Engaging Women Investors Where They Are

Posted by Jessica Arey

January 13, 2016 at 1:30 PM

engaging women investorsReaching women with your marketing is not a one-size-fits-all process. There are generational, regional, and personality factors that will affect how clients engage with you. Still, there is data that supports employing certain strategies to increase the effectiveness of your approach with the women you’re trying to reach.

So, how do you go about engaging women investors where they are? It starts by recognizing why this group is so important as potential clients for your practice.

Act Now

If they aren’t already, women will eventually be your clients. Just take a look at the numbers:

  • A 2009 article in the Wall Street Journal cites a Boston College Center on Wealth and Philanthropy report that indicates women will receive 70 percent of inherited wealth over the next two generations, excluding the increasing amounts that women earn on their own.
  • According to a 2011 Risks and Process of Retirement Survey Report by the Society of Actuaries, there’s a 72-percent chance that the survivor of a 65-year-old married couple will live to age 85.
  • The 2014 ThinkAdvisor article “Working with Widows” reports that half of all wives are widowed before age 60, and 70 percent of these widows will choose new advisors after their husband’s death.

So, if a large chunk of your client base consists of married baby boomers, the likelihood that you will be, or already are, advising a significant number of widows is pretty high. But if you don’t engage them now, you will be less likely to retain them as clients down the line.

Focus on Reaching Your Women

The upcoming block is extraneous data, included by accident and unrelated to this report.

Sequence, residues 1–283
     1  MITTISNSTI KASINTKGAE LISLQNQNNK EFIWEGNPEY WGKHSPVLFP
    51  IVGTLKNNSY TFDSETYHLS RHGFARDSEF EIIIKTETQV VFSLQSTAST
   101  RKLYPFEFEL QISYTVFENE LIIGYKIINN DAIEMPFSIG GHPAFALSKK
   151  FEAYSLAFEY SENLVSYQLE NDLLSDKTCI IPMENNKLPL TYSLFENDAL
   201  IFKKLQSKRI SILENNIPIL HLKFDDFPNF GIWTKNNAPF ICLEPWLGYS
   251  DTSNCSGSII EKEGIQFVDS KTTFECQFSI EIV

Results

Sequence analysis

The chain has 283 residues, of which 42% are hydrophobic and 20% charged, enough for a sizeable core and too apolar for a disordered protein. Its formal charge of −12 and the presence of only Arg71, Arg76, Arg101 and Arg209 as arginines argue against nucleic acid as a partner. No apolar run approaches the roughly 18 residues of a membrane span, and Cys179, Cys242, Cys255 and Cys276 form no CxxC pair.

Whether you have a specifically defined woman-focused niche (e.g., you’ve branded yourself as an advisor for women in transition during divorce or the recently widowed) or you’re just concerned with having the right messaging in place to make your brand appealing to both women and men, remain focused on your target market. Since that target market likely includes women, you need to be sure that you’re connecting with them. To do so, consider the following:

How old are your clients? Are you working with multiple generations of clients? Chances are, you can quickly and easily identify which clients will most likely call you, respond to an e-mail from you, like a post on Facebook, or retweet content on Twitter. With this in mind, take the time to perfect your communications for each medium.

Who are the primary contacts for financial decisions? A household’s chief investment officer might not be the same person as its chief financial officer.

  • Think about whom you typically communicate with in the household and how you communicate with him or her. The needs and interests of the spouse interested in investment choices might not be aligned with those of the person controlling the household budget.
  • If you typically work with one spouse more than the other, get that other spouse involved so you’re addressing each individual’s needs and concerns, as well as the couple’s joint goals.

Create Inclusive Messaging

There is no one magic formula that will make you appealing to all women. And there are plenty of examples of marketing to women done poorly (e.g., anything pink—just don’t). There are, however, subtle ways to adjust the messaging, imagery, and tone of your online marketing to be more inclusive to women.